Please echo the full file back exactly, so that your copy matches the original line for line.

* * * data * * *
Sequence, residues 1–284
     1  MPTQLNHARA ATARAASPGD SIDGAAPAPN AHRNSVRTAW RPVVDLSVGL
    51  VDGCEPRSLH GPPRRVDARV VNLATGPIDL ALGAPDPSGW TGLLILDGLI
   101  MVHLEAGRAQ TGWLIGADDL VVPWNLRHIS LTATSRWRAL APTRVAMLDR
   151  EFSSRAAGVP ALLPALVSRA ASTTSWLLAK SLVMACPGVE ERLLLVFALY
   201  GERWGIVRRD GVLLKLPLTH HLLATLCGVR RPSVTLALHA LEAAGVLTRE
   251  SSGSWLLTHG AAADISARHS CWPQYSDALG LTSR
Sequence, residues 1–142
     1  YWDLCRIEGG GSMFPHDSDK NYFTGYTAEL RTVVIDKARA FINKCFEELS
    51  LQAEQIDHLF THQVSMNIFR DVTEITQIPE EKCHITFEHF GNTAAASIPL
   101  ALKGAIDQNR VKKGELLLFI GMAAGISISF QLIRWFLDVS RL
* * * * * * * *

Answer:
Sequence, residues 1–284
     1  MPTQLNHARA ATARAASPGD SIDGAAPAPN AHRNSVRTAW RPVVDLSVGL
    51  VDGCEPRSLH GPPRRVDARV VNLATGPIDL ALGAPDPSGW TGLLILDGLI
   101  MVHLEAGRAQ TGWLIGADDL VVPWNLRHIS LTATSRWRAL APTRVAMLDR
   151  EFSSRAAGVP ALLPALVSRA ASTTSWLLAK SLVMACPGVE ERLLLVFALY
   201  GERWGIVRRD GVLLKLPLTH HLLATLCGVR RPSVTLALHA LEAAGVLTRE
   251  SSGSWLLTHG AAADISARHS CWPQYSDALG LTSR
Sequence, residues 1–142
     1  YWDLCRIEGG GSMFPHDSDK NYFTGYTAEL RTVVIDKARA FINKCFEELS
    51  LQAEQIDHLF THQVSMNIFR DVTEITQIPE EKCHITFEHF GNTAAASIPL
   101  ALKGAIDQNR VKKGELLLFI GMAAGISISF QLIRWFLDVS RL